When parents receive an initial diagnosis about a child, whether one of mental illness or physical or learning disability, they can fall into a period of lamenting what should have been. But “what should be” is only an idea. To fail “what should be” is to fail an idea. Your child cannot fail where they are now, they can only fail your idea of where you think they should be now. Why hang onto an idea that brings only sorrow? How does that let you move forward?
I can only start with my child where he is now, in a sense of what is happening at this moment. I cannot join with anyone on the shifting ground of “what should be.” My idea of “what should be” brings me only pain, so I elect to change my idea. I elect to be with my child in the present. I know that we can both move forward when we are ready. I practice sitting quietly among what is.
Sones, Sonya. Stop Pretending: What Happened When My Big Sister Went Crazy. New York: HarperCollins. 1999.
In the movie Bagger Vance, golf is used as a metaphor for life—a game that can’t be won only played. Amateur golfer Rannulph Junah returns from World War I a hero who is unable to face a hero’s welcome home, having lost his whole company in battle; broken, reclusive and deeply disturbed by his experiences on the battlefield, he loses himself in alcohol. Junah is unable to rebuild his life until he confronts his inner demon: he feels responsible for the deaths of his men. His golf caddy, Bagger Vance, tells Junah: “There isn’t a soul on this entire earth that ain’t got a burden to carry he don’t understand. You ain’t alone in that. But you been carrying this one long enough.” I think special needs parents sometimes blame themselves for things that are beyond their control, or they take personally the critical opinions of other parents who have typical children (and no idea of what it’s like to be in our shoes). We can end up feeling guilty or inadequate. These judgments make us miserable, but we can lay them down at any time.
Although I am a careful teacher with my special needs child, I am not responsible for everything that happens to him. Nor am I responsible for everything my child says or does. My child is his own person with his own mind, and we’ve been put on this playing field of our lives to finish this game together as best we can. It’s not about keeping the score—it’s about playing the game well and with kindness and dignity. Today, I lay down my judgments of myself and others.
Bagger Vance. Robert Redford. Perf. Will Smith, Matt Damon, Charlize Theron. DreamWorks Pictures, 2000. Film.
Pressfield, Steven. “The Legend of Bagger Vance.” New York: Avon Books. 1995.
What does it mean to persevere? Does it mean to slog through something, like a marathon, bedraggled and tired to the bone, but going on nonetheless? Does it mean to break through, against enormous odds, to the other side of something big? To shout, “I did it!” whatever it was? Can a notion of acceptance sit side-by-side with perseverance, or are we resigned to the idea of struggle against which we measure the idea of “to persevere?” If we let go of the idea of struggle, accepting completely where we are in this moment, then we have nothing left against which we must persevere. And for a moment perhaps, we can feel lighter in mind and heart.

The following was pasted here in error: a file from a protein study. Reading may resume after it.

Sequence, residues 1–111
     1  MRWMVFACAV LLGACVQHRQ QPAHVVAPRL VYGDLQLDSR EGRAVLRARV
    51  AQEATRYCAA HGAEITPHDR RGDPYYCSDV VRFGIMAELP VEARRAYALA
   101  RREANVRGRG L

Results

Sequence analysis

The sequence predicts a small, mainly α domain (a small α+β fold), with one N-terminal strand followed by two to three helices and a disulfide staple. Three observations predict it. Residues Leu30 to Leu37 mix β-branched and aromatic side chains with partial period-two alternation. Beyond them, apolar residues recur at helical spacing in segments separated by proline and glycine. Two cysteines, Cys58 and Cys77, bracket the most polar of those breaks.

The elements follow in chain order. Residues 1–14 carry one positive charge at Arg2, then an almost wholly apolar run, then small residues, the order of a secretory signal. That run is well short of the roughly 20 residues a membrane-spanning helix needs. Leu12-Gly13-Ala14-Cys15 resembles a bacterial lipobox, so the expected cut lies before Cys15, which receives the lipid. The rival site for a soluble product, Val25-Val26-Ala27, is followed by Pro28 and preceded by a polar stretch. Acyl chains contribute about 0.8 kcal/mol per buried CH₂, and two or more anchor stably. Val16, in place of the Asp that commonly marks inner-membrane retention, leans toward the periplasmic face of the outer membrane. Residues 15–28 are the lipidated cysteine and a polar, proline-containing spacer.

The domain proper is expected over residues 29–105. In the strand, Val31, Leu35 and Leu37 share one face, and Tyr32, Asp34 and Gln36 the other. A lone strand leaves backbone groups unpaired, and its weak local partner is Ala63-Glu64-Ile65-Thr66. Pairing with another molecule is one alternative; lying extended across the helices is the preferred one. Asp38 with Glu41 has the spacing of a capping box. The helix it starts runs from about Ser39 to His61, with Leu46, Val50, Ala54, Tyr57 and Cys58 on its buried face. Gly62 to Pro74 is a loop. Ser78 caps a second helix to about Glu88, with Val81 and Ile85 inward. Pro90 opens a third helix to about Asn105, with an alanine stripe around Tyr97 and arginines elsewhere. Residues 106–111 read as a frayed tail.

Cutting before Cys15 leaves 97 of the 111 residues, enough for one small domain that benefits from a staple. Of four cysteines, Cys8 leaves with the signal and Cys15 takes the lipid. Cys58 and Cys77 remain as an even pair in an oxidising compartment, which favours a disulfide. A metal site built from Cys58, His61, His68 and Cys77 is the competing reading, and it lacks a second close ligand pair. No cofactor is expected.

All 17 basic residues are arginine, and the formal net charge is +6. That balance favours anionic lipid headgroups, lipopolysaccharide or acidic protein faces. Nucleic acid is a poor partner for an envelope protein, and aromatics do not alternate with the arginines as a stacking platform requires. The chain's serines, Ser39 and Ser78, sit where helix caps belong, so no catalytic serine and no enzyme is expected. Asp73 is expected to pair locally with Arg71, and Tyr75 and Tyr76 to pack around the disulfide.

I sit quietly and try to empty my mind of all thoughts of what is “good” and what is “bad.” For the next 10 minutes I can allow myself a break from thoughts of struggle or strain. Those thoughts will likely still be with me when I return, so why not take a short vacation? For 10 minutes I sit in silence and imagine I am alone in the dark watching the meteors streak across the night sky.
Run loud, fun maker,
Cyclone, spiral, climb and zoom!
Clitter, clatter wee mad hatter.
Days deluged by splitter-splatter.
Now to ponder in delight
His next maneuver—
Winsome waddler of this day,
May you all tomorrows play.
Run loud, rampager, tiny man.
Keep star grabbing all you can.
Watchers watching ever we,
Your grand old grand daddy. And me.
“Watchers” is one grandmother’s poetic interpretation of life with her active grandchild. Can’t you just see the “splitter splatter” on the walls in this love poem? Can you feel her affection for this tiny, rampaging man? “Cyclone, spiral, climb and zoom.” What special needs parent hasn’t had a day like that? But did you laugh? Did you see the joy in the mess or did you just see the mess?
Today, I take a few minutes to play with my special needs child. Laughing together is an intoxicating elixir. Laughing together is the best therapy possible.
Each day it is important to take time for yourself. Think about how you can escape for five minutes even if it means placing the children in front of a television show or on the phone with your spouse, family member or good friend. Maintaining balance and taking care of yourself is the only way that you can maintain your effectiveness as a parent. My favorite escape begins with a cup of fruit and almond tea. My family knows that when they see me make a cup of tea, I will escape for five to ten minutes to be alone with just my thoughts.